Yao Ming Leads the Fight Against Ivory Trade
   2014-03-06 21:09:24    CRIENGLISH.com      Web Editor: Liu Yuanhui

Former NBA star Yao Ming. a member of the Chinese People's Political Consultative Conference, attends a press conference in Beijing on Thursday, March 6, 2014. [Photo: CRIENGLISH.com/Liu Yuanhui]

At the sideline of the "two sessions," former NBA star Yao Ming, who is also a member of the top advisory body, is calling on the Chinese government to fully ban sales of ivory.

CRI's Shen Ting has the details.

 
 
In recent years, the revival of trade in ivory has resulted in rampant poaching and smuggling of ivory, leading to significant reductions in elephant populations.

Yao Ming, a member of the Chinese People's Political Consultative Conference, put forward a proposal that China should fully eradicate the sales of illegal animal products through legislation.
 
"I want the ivory consumers to know that buying ivory is like buying bullets. I recommend the government to make ivory sales illegal, which should be stated definitively by the law and carried out by all departments. "

But in China's ivory trade, consumers are only able to purchase ivory products made prior to 1989 from a number of authorized organizations with a license to sell ivory. These stipulations were the result of the Chinese government's entry into the Convention on International Trade in Endangered Species of Wild Fauna and Flora, or CITES. The Convention aims at banning international ivory trade and curbing the rapid decline in Africa's elephant population.

However, because of the immense size of China's ivory market, complex management systems, consumer inability to determine the legal status of ivory products, and smuggling means that illegal ivory continues to enter China; adding pressure and complexities to the work of customs officials.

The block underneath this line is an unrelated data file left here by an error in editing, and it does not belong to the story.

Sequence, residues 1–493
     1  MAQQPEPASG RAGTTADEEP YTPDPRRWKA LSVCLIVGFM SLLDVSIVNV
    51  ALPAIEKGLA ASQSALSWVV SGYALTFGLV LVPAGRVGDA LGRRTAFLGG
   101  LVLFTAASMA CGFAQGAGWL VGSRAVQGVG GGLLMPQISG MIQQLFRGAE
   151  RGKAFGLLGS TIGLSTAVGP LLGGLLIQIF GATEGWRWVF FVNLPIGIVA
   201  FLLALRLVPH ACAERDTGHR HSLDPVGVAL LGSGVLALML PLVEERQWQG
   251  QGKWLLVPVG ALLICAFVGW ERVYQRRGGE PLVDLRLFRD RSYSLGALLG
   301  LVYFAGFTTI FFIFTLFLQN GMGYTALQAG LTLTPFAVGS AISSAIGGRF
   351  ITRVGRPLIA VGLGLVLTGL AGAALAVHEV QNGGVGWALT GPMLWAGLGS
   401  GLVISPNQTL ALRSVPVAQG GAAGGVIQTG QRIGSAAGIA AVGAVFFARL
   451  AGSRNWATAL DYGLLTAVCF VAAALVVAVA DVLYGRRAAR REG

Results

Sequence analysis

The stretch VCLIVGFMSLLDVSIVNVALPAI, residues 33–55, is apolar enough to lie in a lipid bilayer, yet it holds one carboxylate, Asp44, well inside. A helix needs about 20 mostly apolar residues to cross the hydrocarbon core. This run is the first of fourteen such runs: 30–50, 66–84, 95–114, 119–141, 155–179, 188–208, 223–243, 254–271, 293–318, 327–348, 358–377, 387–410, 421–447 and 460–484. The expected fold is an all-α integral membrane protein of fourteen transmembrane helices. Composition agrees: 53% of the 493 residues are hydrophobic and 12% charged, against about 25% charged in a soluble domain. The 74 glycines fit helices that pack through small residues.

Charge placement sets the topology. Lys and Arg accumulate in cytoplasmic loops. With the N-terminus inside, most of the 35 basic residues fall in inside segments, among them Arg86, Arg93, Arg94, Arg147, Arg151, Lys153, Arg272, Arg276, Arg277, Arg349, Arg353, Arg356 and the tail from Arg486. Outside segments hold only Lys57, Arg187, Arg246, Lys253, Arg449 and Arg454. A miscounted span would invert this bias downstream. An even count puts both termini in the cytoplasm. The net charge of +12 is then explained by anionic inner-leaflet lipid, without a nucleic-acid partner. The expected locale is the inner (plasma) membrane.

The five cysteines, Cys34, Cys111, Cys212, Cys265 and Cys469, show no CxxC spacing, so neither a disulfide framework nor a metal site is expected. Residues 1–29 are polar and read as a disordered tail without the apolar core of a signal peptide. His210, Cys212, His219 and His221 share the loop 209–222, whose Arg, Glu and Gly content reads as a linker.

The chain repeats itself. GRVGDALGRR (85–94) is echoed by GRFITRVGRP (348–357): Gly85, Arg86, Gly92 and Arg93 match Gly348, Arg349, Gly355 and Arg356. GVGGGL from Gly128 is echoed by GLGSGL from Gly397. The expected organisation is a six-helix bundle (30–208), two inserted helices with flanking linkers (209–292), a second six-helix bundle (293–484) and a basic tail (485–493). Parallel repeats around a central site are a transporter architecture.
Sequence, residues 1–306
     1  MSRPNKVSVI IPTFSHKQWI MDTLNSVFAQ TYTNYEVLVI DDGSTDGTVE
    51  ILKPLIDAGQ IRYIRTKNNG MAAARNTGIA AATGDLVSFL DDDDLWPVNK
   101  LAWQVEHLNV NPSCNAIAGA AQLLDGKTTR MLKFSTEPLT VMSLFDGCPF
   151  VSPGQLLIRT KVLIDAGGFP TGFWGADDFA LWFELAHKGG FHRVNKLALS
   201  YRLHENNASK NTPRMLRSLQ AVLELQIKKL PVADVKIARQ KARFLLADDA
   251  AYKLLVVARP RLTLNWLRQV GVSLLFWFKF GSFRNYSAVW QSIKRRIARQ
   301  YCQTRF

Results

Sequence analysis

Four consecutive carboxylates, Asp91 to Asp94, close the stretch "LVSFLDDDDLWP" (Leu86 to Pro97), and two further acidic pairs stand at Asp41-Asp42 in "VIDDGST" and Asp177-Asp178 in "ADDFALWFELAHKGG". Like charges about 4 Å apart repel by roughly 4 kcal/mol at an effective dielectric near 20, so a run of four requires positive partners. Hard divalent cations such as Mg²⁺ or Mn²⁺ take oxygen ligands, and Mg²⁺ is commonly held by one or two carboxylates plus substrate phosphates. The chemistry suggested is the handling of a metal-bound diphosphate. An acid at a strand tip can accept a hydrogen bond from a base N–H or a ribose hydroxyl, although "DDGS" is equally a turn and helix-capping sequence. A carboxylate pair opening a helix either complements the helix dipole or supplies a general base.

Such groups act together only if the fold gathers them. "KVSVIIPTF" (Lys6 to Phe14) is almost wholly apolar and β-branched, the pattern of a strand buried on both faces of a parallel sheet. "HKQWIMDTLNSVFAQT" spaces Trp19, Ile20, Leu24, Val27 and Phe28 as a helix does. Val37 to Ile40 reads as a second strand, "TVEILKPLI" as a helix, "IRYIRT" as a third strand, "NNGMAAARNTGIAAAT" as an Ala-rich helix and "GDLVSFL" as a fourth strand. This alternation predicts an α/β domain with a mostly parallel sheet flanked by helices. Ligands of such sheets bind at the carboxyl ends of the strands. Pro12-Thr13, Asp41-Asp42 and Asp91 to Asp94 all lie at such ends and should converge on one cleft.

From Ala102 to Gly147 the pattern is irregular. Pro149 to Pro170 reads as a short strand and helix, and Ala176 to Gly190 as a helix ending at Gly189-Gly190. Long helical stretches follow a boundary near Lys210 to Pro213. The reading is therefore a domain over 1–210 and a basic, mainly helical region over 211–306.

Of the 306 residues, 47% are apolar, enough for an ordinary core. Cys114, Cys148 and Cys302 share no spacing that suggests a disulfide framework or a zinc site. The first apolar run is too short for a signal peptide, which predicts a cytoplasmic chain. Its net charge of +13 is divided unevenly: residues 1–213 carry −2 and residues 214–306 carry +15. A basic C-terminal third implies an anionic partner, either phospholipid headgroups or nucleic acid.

Yao adds that a complete ban on the sale of ivory requires the promotion of animal protection awareness among the government and the public.

"If we have laws and regulations to ban the sales of ivory, but there remains so much demand, the prices on the black market would rise, which would drive more people to poach. What we can do is put forward relevant proposals, while the media could help raise the awareness of the public in this regard."

According to WildAid, an organization focused on reducing the demand for wildlife products, it is estimated that at least 20,000 elephants are being killed each year for their ivory. Elephant populations have reduced by 62 percent over the last 10 years.

Zi Wen, chief representative of WildAid in China says that illegal ivory trade benefits from a sizeable black market nationwide.

"Ivory sculpting is a part of Chinese tradition; and many people like to collect these sculptures. With the growing economy, more people can afford to buy ivory. So a high demand has led to the formation of a black market."

On the policy side of things, China has introduced special protective measures for endangered species in an effort to stamp out the illegal trade of ivory.

Zi Wen says that China has made great achievements in recent years on the protection of wildlife.

"The country has led several operations such as Cobra II, which fights against international wildlife crimes with other countries. Additionally, China also implemented several laws to ban the killing of endangered animals like Rhinoceros and tigers and their executive capability to crack down crimes has increased a lot."

China has recently begun strengthening enforcement on illegal ivory smuggling, and earlier this year destroyed over 6 tons of confiscated ivory, showing the resolve of the Chinese government to stifle the trade in illegal wildlife products.

For CRI, this is Shen Ting.
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